Reid Hoffman

NET WORTH: $4.2 billion


FUNDING AREAS: Economic Development, Entrepreneurship, Youth Activism, Education

OVERVIEW: Hoffman's supports organizations that work at a grassroots level, and has has a very capitalistic approach to his philanthropy, investing in organizations that he thinks have the most potential to do good. He sits on the boards of a number of organizations, including Kiva, a microlending organization, Endeavor Global, which supports "high-impact entrepreneurs," and is the westcoast advisory chair of Questbridge, an inner-city youth education outfit.

BACKGROUND: Hoffman grew up in Berkeley, CA, attended Stanford University as an undergrad, and received a Masters from Oxford. Initially, he wanted to be a public intellectual, but then realized he could have a greater impact as an entrepreneur, which led him to join Apple in 1994. He also worked briefly for Fujitsu before founding his first company,, which has been decribed as "literally an idea before its time." He was a board member at the founding of Paypal, where he was once COO and Executive VP, but is probably best known as a co-founder and executive chairman of LinkedIn. Paypal's eventual sale to eBay gave Hoffman the capital to become one of Silicon Valley's most successful and prolific angel investors, and most recently, he has joined Greylock Partners, whose portfolio includes companies such as Linkedin, Facebook, Workday, and Airbnb.

PHILOSOPHY: Whether Hoffman is serving in his role as the cofounder of Linked­In or Greylock Partners, or as an independent philanthropist, he always asks himself a simple question: "How can a fixed amount of money reach the most people and do the most good?"

Hoffman joins a long line of tech entrepreneurs who believe in the concept that while donations to worthy causes are fine, getting the most bang for those bucks requires an investor's mindset. His massive success with start-ups led him to something of a revelation: He "...wanted to do the same thing on the not-for-profit side as on the for-profit side." Namely, he wanted to create platforms that could "...scale impact using techniques from Silicon Valley — marketplaces, innovation, funding."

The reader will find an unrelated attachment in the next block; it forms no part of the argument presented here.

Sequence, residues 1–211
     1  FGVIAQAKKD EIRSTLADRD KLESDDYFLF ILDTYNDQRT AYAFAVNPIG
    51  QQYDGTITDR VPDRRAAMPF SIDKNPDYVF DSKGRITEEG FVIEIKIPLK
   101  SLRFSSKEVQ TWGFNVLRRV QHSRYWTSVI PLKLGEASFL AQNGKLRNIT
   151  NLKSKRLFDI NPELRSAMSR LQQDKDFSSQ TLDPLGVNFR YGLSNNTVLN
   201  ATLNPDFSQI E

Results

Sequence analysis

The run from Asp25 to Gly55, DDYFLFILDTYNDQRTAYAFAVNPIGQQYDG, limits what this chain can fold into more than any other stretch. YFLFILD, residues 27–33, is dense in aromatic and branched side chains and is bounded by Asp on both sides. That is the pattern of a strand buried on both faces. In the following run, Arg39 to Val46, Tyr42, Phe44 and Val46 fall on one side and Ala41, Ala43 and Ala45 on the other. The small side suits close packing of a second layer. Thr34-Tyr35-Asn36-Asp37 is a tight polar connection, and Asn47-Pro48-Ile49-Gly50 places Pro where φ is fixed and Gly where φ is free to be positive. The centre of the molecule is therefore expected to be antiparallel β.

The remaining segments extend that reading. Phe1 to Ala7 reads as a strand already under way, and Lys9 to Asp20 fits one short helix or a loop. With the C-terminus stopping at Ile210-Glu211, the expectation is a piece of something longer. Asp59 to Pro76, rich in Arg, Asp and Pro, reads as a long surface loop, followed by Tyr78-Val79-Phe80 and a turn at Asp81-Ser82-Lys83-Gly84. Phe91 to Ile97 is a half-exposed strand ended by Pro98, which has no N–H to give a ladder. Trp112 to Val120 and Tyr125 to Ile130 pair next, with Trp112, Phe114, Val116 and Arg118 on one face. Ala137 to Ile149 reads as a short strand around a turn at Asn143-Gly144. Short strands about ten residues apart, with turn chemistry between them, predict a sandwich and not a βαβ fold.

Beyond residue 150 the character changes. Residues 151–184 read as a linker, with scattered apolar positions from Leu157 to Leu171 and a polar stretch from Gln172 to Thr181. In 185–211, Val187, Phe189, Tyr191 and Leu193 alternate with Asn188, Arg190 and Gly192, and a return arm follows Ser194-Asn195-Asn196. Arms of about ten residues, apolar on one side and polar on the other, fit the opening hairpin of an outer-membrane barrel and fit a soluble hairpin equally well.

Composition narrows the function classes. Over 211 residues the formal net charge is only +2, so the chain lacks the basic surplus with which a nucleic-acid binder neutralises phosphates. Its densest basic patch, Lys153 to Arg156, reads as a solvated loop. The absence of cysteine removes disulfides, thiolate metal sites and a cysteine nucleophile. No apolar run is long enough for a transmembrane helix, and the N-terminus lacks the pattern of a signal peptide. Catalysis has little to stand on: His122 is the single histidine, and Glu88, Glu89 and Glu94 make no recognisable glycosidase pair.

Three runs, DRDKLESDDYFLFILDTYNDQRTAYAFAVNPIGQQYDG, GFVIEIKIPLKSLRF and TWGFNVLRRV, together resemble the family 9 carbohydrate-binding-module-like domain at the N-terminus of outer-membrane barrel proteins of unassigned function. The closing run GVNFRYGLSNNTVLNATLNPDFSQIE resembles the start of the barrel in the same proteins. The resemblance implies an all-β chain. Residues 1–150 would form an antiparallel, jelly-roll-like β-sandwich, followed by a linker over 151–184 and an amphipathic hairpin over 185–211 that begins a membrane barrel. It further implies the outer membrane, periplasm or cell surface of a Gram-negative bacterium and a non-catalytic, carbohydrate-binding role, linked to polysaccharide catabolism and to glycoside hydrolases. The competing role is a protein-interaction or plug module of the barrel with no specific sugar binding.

When considering whether or not to support a non-profit, Hoffman actually looks at much the same things he examines when investing in a start-up: scalability, margins, and structure, but he doesn't tend to just write a check and leave it at that. Seeing himself as more of an investor and partner than a donor, Hoffman guides his grantmaking to make sure the money makes a difference, which in some cases least means he ends up sitting on the non-profit's board. 


ECONOMIC DEVELOPMENT: Hoffman is a board member of Kiva, a microlending organization that facilitates loans for small business development, primarily in developing countries with the idea that helping people become self-reliant will lift them and their communities out of poverty. In one of his few publicly announced gifts, Hoffman donated $1 million to Kiva in 2012. His donation went directly toward Kiva's microlending program with the idea that it would allow 40,000 people to "try" Kiva without having to donate their own money. Presumably, Reid is hoping that after seeing the results of their decisions to fund individual entrepreneurs, people would be enouraged to donate their own money and become repeat microlenders. 

SOCIAL ENTREPRENEURSHIP: Hoffman has served on the board of Endeavor Global, a nonprofit that supports what it refers to as "High-Impact Entrepreneurs" around the world. The main goal is to facilitate increased employment and high-quality jobs in developing areas. The types of ideas that receive support vary widely, and include examples such as tech companies, shopping clubs, and women-only gyms. The only qualification seems to be a sound business model that will benefit the community, and stacks up against the rigorous metrics that Endeavor uses to determine who receives investments, and the impact those investments make.

YOUTH ACTIVISM: Hoffman has supported, a nonprofit that engages young people volunterrism, and activities aimed at bringing about social change. 

EDUCATION: Hoffman serves as Advisory Board Chair for QuestBridge, an organization that connects high-achieving low-income students to educational and scholarship opportunities at leading U.S colleges and Universities. He is also a board member of the Exploratorium, an educational museum of science, art and human perception in San Fransisco. 

ARTIFICIAL INTELLIGENCE: In winter of 2015 Hoffman joined a collective of other tech companies and entrepreneurs in donating a combined $1 billion to OpenAI, a nonprofit focused on bettering "digital intelligence in the way that is most likely to benefit humanity as a whole."

GIVING THROUGH LINKEDIN: Like a number of other tech entrepreneurs, Hoffman has realized that the companies that have made him successful not only allow him to offer significant personal support to the causes he cares about, but can also be used as a platform to do good. In 2013, LinkedIn launched its Nonprofit Innovation Grants program, which awards $10,000 to "employee-championed organizations looking to launch or scale new, unique programs." Perhaps the most impactful piece of giving that LinkedIn does though is through the professional network itself, with LinkedIn Board Member Connect, a feature of LinkedIn that enables nonprofits to connect with potential board members, funding sources, and volunteers through a non-profit peer network.



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